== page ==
McAfee To Acquire Database Security Vendor SentrigoIntel's McAfee is taking on industry heavyweights Oracle and IBM with its move to shape an enterprise database security platform.
(click image for larger view)
Slideshow: 10 Massive Security Breaches
On Wednesday, Intel-owned McAfee announced plans to acquire database security, monitoring, and intrusion-prevention software maker Sentrigo. Terms of the deal, which is expected to close in April, were not disclosed.
Also on Wednesday, McAfee announced the release of a new database security architecture based heavily on Sentrigo's technology. It includes a vulnerability manager that can detect and profile all databases used in the enterprise, database application whitelisting, intrusion prevention, and database change tracking and monitoring.
McAfee first began integrating Sentrigo's Hedgehog database technology into its ePolicy Orchestrator products in September 2010. Subsequently, McAfee signed an OEM agreement with Sentrigo and today, three McAfee products -- Vulnerability Manager for Databases, Database Activity Monitoring, and Integrity Monitoring for Databases -- are based on Sentrigo's technology.
Sentrigo released a statement on Wednesday saying, once the deal is closed, its team would report into McAfee's risk and compliance business unit.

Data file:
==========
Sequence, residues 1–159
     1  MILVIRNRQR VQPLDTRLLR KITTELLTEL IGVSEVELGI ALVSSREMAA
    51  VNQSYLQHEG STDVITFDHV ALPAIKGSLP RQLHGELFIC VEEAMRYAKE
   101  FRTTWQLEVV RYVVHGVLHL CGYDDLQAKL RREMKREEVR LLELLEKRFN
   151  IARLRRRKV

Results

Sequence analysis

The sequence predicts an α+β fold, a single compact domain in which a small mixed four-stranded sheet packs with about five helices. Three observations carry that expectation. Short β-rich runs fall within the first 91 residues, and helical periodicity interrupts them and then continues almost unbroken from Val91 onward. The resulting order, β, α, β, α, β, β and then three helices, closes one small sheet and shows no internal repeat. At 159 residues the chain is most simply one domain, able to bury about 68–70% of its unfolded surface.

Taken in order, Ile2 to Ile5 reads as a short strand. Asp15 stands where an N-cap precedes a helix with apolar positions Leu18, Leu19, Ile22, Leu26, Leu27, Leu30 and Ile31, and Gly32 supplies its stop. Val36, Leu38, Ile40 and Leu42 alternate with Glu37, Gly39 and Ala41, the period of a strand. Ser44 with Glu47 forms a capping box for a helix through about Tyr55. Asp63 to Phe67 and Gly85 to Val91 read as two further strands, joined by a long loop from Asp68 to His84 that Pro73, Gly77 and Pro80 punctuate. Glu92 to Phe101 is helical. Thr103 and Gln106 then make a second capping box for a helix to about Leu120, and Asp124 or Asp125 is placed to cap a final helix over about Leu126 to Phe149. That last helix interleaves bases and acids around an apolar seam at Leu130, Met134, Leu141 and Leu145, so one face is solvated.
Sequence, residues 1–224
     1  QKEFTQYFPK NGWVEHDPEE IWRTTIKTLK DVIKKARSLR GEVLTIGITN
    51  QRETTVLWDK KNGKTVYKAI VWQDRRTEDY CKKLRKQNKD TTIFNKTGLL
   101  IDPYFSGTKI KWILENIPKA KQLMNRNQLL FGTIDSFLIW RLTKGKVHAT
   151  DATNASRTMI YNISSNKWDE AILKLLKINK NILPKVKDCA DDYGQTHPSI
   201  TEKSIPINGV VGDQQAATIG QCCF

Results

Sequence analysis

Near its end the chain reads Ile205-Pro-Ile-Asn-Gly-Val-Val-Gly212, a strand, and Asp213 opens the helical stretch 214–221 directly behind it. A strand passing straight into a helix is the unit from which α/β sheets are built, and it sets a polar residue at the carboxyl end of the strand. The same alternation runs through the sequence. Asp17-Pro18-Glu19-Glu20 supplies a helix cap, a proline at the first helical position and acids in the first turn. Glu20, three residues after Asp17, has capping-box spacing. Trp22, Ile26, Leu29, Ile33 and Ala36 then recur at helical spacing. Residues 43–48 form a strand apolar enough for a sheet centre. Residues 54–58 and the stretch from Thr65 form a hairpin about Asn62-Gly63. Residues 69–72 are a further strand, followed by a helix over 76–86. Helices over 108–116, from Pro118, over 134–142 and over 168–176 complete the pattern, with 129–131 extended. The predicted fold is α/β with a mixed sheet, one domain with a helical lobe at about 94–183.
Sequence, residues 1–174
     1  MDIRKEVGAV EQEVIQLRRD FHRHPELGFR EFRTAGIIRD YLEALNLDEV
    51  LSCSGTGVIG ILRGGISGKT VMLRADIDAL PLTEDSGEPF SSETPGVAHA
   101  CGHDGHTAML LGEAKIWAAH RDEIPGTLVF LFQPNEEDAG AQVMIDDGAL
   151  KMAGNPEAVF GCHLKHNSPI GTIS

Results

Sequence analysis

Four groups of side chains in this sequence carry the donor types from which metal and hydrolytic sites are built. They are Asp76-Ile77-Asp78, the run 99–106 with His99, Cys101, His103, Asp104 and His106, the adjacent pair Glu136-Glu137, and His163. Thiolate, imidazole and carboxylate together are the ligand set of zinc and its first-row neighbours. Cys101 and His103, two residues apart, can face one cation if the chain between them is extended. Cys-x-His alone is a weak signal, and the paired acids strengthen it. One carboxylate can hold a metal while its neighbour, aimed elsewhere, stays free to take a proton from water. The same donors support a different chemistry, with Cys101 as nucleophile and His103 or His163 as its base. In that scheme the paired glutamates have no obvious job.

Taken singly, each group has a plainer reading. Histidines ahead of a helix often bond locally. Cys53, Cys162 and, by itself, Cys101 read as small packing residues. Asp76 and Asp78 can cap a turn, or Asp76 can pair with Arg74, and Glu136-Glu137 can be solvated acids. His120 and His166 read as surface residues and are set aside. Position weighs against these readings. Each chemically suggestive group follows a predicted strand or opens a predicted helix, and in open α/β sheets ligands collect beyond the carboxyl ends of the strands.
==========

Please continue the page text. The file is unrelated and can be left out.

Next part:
As this deal suggests, the database security market has been heating up. In a recent blog post, Martin Kuppinger, founder and principal analyst at KuppingerCole, characterized the database security market heavyweights as being Oracle, followed by IBM, but said that a number of more specialized vendors -- Sentrigo, as well as Imperva, Bitkoo, and NetIQ, among others -- also compete.
"Sentrigo is a very interesting player," said Kuppinger in an email interview. "You might argue that their approach on database security is a little questionable given that they are using shared memory access -- however it is read-only and they are not the only ones using that approach in Oracle environments," said Kuppinger. "Thus they are definitely a strong player in that space, especially in Oracle environments -- I doubt somewhat that they can deliver as well in other environments." McAfee, of course, could also expand the technology to work on other types of databases.
But is McAfee creating its own database security platform, and taking on Oracle and IBM, a good business move? "Given that the market for database security is growing quickly, entering that segment definitely makes sense," wrote Kuppinger. "The big question is: Will McAfee be the one to really sell at the enterprise level? Database security is [very] much about real (!) enterprise IT, critical production environments, and so on. Are they trusted enough at that level?"